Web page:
December 2011

Programming Librarian’s Top Ten Lists for 2011

Lists are an end-of-year staple, so it’s time Programming Librarian offered some of its own. I decided to compile the year’s top ten most-read feature articles and blog posts, fully expecting most (if not all) of them to be from 2011. I was delighted to discover, however, that you are still finding the wealth of information we offer on the site even if it hasn’t been highlighted on the home page in quite a while. Three of the features, and four of the blog posts, were from 2009 or 2010.

Thank You to Our Contributors!

The year is nearly over, but I couldn’t let it pass without taking the opportunity to thank all of the people who contributed such wonderful features to Programming Librarian in 2011:

Lifelong Learning @ your library

Libraries are synonymous with lifelong learning. In today’s tough economy, the spotlight shines on the services libraries offer to job seekers, but libraries remain a place of lifelong learning for all, including library staff.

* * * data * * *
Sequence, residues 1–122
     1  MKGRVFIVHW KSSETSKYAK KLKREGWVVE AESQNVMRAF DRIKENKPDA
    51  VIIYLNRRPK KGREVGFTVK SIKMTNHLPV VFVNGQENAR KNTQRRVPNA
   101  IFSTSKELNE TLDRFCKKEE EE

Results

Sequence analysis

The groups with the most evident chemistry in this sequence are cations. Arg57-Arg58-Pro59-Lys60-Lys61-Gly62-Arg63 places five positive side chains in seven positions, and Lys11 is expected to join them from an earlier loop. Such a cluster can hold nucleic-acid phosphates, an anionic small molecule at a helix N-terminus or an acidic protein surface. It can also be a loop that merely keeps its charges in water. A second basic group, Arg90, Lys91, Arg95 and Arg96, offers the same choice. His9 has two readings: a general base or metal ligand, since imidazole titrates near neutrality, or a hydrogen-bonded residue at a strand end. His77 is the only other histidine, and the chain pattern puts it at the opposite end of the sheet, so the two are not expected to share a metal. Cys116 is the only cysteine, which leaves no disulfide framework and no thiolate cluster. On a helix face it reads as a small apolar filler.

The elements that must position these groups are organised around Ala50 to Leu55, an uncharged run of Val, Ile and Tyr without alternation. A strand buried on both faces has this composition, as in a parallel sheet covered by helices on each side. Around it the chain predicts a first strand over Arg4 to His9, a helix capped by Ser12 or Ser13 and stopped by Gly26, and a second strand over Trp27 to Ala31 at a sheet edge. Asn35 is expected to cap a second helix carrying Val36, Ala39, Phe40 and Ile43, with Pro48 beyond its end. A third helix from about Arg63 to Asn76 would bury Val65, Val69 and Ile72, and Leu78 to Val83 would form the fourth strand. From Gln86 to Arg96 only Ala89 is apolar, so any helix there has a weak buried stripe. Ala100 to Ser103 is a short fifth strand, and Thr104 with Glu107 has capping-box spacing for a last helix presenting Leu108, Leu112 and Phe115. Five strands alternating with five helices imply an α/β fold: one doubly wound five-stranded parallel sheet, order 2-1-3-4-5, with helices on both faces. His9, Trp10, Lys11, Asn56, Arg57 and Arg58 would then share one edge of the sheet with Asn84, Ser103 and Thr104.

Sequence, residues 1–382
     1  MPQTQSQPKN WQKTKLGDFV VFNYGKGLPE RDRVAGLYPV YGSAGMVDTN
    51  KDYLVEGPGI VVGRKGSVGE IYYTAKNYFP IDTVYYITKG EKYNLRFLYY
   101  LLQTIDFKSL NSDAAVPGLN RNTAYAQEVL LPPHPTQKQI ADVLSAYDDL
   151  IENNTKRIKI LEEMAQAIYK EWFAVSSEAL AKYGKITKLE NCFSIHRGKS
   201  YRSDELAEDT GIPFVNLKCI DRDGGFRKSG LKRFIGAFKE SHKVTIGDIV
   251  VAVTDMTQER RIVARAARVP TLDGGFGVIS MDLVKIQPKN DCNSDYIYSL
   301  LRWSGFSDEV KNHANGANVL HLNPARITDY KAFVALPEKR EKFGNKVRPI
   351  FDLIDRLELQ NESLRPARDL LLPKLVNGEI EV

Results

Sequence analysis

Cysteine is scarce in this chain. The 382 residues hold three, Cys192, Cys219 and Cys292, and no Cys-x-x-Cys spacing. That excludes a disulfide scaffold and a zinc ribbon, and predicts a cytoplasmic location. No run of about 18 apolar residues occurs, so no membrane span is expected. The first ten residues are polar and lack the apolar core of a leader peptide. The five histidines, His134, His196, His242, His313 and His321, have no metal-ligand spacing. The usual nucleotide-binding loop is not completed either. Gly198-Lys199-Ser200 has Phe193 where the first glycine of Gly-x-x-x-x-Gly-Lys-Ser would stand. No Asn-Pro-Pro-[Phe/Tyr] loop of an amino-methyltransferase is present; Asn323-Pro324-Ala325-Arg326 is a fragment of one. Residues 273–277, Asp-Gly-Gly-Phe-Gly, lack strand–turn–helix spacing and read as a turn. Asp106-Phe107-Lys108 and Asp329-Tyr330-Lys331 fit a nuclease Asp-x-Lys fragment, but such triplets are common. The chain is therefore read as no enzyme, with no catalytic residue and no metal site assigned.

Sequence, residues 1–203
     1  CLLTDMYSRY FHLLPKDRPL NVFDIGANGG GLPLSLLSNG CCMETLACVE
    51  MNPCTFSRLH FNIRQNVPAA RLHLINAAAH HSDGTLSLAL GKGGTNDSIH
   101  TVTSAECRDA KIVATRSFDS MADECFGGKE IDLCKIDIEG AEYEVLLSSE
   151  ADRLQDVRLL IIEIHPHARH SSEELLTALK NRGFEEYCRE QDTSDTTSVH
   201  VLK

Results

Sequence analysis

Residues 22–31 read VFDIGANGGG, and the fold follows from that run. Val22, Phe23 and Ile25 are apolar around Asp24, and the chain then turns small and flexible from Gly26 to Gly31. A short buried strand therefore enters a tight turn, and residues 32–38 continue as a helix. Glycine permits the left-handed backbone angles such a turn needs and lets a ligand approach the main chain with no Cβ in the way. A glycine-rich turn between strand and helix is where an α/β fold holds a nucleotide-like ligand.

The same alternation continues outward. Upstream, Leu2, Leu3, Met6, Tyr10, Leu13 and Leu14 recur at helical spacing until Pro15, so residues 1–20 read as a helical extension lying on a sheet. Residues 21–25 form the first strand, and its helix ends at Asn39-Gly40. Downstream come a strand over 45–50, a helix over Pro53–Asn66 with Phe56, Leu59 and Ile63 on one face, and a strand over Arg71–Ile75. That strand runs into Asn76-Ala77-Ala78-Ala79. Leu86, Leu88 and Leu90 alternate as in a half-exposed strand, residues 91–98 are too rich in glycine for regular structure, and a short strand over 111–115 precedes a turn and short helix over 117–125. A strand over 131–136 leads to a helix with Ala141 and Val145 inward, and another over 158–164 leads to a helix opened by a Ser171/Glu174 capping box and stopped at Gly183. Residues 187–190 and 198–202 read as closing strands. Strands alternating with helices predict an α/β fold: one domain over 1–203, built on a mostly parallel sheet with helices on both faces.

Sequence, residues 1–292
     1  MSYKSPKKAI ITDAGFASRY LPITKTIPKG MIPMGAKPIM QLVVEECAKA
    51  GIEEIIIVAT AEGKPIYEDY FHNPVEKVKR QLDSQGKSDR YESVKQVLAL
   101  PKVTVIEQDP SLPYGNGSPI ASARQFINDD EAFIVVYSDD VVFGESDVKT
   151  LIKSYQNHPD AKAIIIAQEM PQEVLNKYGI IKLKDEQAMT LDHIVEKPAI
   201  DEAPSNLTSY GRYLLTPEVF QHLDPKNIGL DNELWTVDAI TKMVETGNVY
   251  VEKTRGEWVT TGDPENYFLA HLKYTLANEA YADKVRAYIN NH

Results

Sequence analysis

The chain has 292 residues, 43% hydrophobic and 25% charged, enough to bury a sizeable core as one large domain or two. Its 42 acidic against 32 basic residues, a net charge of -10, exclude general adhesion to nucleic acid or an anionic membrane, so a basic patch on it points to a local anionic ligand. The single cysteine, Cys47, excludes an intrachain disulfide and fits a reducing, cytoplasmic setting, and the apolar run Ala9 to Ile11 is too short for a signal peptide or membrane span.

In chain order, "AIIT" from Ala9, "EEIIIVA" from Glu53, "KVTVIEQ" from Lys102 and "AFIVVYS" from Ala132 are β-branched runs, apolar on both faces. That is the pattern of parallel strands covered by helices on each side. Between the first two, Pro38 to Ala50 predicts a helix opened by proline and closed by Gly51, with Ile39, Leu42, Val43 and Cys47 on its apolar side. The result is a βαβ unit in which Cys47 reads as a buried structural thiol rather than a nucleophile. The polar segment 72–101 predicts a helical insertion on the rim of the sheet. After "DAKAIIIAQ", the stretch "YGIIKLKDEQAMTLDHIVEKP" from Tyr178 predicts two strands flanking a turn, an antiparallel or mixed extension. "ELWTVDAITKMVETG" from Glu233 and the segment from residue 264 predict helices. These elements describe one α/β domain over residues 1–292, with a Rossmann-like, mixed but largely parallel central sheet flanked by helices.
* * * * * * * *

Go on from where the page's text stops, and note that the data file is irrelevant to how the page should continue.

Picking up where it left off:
New for December at EDSITEment

This month, EDSITEment looks at December celebrations, Emanuel Leutze’s depiction of George Washington’s December crossing of the Delaware, a collection of Civil War resources, and civil unrest in Newark, New Jersey, in the 1960s.

I Love My (Programming) Librarian

four of the ten 2011 I Love My Librarian Award winners (clockwise fromtop left): Venetia V. Demson, Martha Ferriby, Jennifer O. Keohane, and Saundra Ross-Forrest

Featured Library: Hawaii State Public Library System

This month we are highlighting the Hawaii State Public Library System’s holiday programs. The Hawaii State Public Library System (HSPLS) is made up of fifty-one libraries located Hawaii, Kauai, Lanai, Maui, Molokai, and Oahu. This year, HSPLS is hosting a variety of holiday events that celebrate the local culture while toasting the season:

Calling Rural Librarians

The San Jacinto (Tex.) College District, a NASA partner, is developing a grant proposal that would involve professional development for rural librarians to prepare them to present STEM (science, technology, engineering, and mathematics) programs in libraries. The project will also examine how informal science learning takes place in rural libraries and will help rural librarians gain the skills to create informal science events that capture the interests of the communities and regions they serve.